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his project is funded by

the European Union

Feasibility Study
for upgrading the WWTP in Vranishta and
extension of the collector system for Ohrid Lake

A project implemented
by Particip GmbH

The European Unions Operational Programme Regional Development 2007-2011


under IPA

Preparation of necessary documentation for


upgrading the WWTP in Vranishta and extension
of the collector system for Ohrid Lake

Feasibility Study
Part 1 Technical part
Draft Final Report
June 2015
IPA/OPRD2007-2011/3.1/LOT6/08

This project is funded by the European Union

A project implemented by
Particip GmbH

This project is funded by


the European Union

Feasibility Study
for upgrading the WWTP in Vranishta and
extension of the collector system for Ohrid Lake

A project implemented
by Particip GmbH

The contents of this report are the sole responsibility of Particip and its consortium
partners and can in no way be taken to reflect the views of the European Union.

This project is funded by


the European Union

Feasibility Study
for upgrading the WWTP in Vranishta and
extension of the collector system for Ohrid Lake

A project implemented by
Particip GmbH

Consultants Office:
ETI Consulting
43, rue dAboukir,
75002 Paris
France
Phone: + 33-1-42 22 93 30
Fax: +33-1-73 72 95 81
radmila@eti-consulting.net
stevan@eti-consulting.net
www.eti-consulting.net

Document title

Preparation of necessary documentation for upgrading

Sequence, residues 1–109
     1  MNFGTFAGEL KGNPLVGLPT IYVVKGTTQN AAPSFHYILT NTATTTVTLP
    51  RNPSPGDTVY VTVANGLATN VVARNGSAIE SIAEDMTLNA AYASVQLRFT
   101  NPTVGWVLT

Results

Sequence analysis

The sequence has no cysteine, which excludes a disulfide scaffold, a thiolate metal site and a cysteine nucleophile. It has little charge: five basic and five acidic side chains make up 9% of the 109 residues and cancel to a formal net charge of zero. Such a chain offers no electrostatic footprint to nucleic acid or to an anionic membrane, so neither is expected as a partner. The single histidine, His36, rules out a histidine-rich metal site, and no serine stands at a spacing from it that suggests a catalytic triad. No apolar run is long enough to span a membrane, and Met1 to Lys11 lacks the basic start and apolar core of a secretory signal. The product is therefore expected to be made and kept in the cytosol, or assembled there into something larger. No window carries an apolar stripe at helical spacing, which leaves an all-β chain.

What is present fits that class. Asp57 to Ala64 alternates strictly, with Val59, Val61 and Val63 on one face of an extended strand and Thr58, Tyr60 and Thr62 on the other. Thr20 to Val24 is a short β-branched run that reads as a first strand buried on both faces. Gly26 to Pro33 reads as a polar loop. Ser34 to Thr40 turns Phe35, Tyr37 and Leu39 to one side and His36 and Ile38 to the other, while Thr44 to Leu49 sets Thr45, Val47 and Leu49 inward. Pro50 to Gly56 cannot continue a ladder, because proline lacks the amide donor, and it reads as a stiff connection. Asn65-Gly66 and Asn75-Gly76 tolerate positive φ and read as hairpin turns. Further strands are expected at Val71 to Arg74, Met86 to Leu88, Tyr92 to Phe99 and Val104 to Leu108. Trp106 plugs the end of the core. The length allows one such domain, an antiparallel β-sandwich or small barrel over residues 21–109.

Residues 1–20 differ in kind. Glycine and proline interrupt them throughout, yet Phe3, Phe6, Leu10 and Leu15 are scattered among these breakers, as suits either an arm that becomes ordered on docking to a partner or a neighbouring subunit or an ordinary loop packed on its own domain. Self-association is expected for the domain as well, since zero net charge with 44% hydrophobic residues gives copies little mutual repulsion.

the WWTP in Vranishta and extension of the collector
system for Ohrid Lake

Document short title


Status
Date
Programme name
Reference number
Client
End recipients

Feasibility Study part 1


Draft Final Report
June 2015
FWC Beneficiaries 2013 Lot 6: Environment
IPA/OPRD2007-2011/3.1/LOT6/10
Ministry of Environment and Physical Planning
Ministry of Environment and Physical Planning and
Municipalities of Struga, Ohrid and Vevcani
11-38829/1

Contract number
Drafted by:

D. Jaki
M. Soa
K. Josipovi
E. Spirovska
M. Bakula

Checked by

R.Stanisavljevi

Date/initials check

Approved by

Joerg Boehringer

Date/initials
approval

.
.

This report: the Feasibility Study consists of two parts:


Part 1:
Feasibility Study Technical (this Volume)
Part 2:
Cost Benefit Analysis

This project is funded by


the European Union

Feasibility Study
for upgrading the WWTP in Vranishta and
extension of the collector system for Ohrid Lake

A project implemented by
Particip GmbH

Table of Contents
1

SUMMARY OF THE FEASIBILITY STUDY ................................................................. 5

1.1
1.2
1.3
1.4
1.5
1.6
1.7
1.8
1.9

Scope of the Project ....................................................................................................... 5


Implementation of the Project by EU Funds .................................................................... 5